Have you seen the riddles and puzzles around campus?

Scientists and healthcare professionals are expected to solve complex problems by working collaboratively as members of complex teams. Team Launch was borne from the conviction that advances in biomedical research, and the delivery of safe, effective clinical care require professional skills to effectively create, participate in, and lead interdisciplinary teams.

Before looking at the solutions to these riddles and puzzles, we hope you have had the opportunity to practice your teamwork skills, working with colleagues and friends to try to solve them on your own.

Participation in Team Launch courses will give you the opportunity to learn, implement, and demonstrate your mastery of teamwork skills essential to your career success.

Puzzle Solutions

Click on the name of each puzzle to see the solution.

These puzzles were created using Puzzlemaker at DiscoveryEducation.com.

Riddle Solutions

Q: In an ancient barter-style market area:

Buyer: How much would one of these cost?
Vendor: I'd give it to you for the price of all.
Buyer: Interesting! And how much would all of it cost?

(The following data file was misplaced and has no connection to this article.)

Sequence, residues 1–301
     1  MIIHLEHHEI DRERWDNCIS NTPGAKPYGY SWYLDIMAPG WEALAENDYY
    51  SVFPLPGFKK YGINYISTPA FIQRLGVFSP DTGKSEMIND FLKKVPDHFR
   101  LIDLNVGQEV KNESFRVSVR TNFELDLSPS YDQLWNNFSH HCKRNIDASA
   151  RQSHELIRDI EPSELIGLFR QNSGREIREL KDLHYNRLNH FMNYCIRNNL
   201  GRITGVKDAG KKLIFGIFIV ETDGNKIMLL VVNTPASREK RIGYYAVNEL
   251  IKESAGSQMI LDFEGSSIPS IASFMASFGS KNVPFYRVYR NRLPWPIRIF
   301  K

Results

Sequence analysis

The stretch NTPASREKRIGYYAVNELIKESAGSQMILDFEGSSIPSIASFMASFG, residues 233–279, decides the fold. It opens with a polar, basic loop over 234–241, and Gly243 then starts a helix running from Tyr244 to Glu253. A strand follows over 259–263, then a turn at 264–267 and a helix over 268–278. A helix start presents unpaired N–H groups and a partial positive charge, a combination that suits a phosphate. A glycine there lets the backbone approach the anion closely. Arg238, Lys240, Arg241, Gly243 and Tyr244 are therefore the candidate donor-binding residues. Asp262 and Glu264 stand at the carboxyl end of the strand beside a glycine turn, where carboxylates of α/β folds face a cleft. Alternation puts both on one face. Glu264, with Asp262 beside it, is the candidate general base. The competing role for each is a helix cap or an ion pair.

Vendor: Ah! That I'd have to give you for the price of one!

What phrase does this bizarre transaction represent?
A: All for one and one for all!

Q: A man stepped out of his tent with his rifle and walked one mile south, one mile East and one mile North. Then he shot a bear in front of his tent. What color was the bear?
A: White. The only places on earth where you can walk in three directions and end up back where you started are the North and South Poles. There are only bears at the North Pole and they are all white polar bears.

Q: A boy climbed a cherry tree. There were cherries on the tree when he climbed up. He did not eat cherries. He did not pick cherries. There were no cherries on the tree when he climbed down. How is this possible?
A: There were two cherries on the tree when he climbed up. He ate one cherry and he picked one cherry.

Q: A word I know, six letters it contains, remove one letter, and twelve remains. What am I?
A: Dozens.

Q: A ladder hangs over the side of a ship anchored in a port. The bottom rung touches the water. The distance between rungs is 20 cm and the length of the ladder is 180 cm. The tide is rising at the rate of 15 cm each hour. When will the water reach the seventh rung from the top?
A: If the tide is raising water, then it is raising the ship on water, too. So water will only reach the first rung.

Q: Two fathers and two sons go fishing. Each of them catches one fish. So why do they bring home only three fish?
A: Because the fishing group comprises a grandfather, his son, and his grandson - hence just three people.

Q: I can run but I can't walk, a mouth but I can't talk, a head but I can't think, a bed but I can't sleep. Who am I?
A: A river.

Q: What English word retains the same pronunciation, even after you take away four of its five letters?
A: Queue.

These riddles were collected from several websites, including www.braingle.com, http://brainden.com, and www.riddles.com.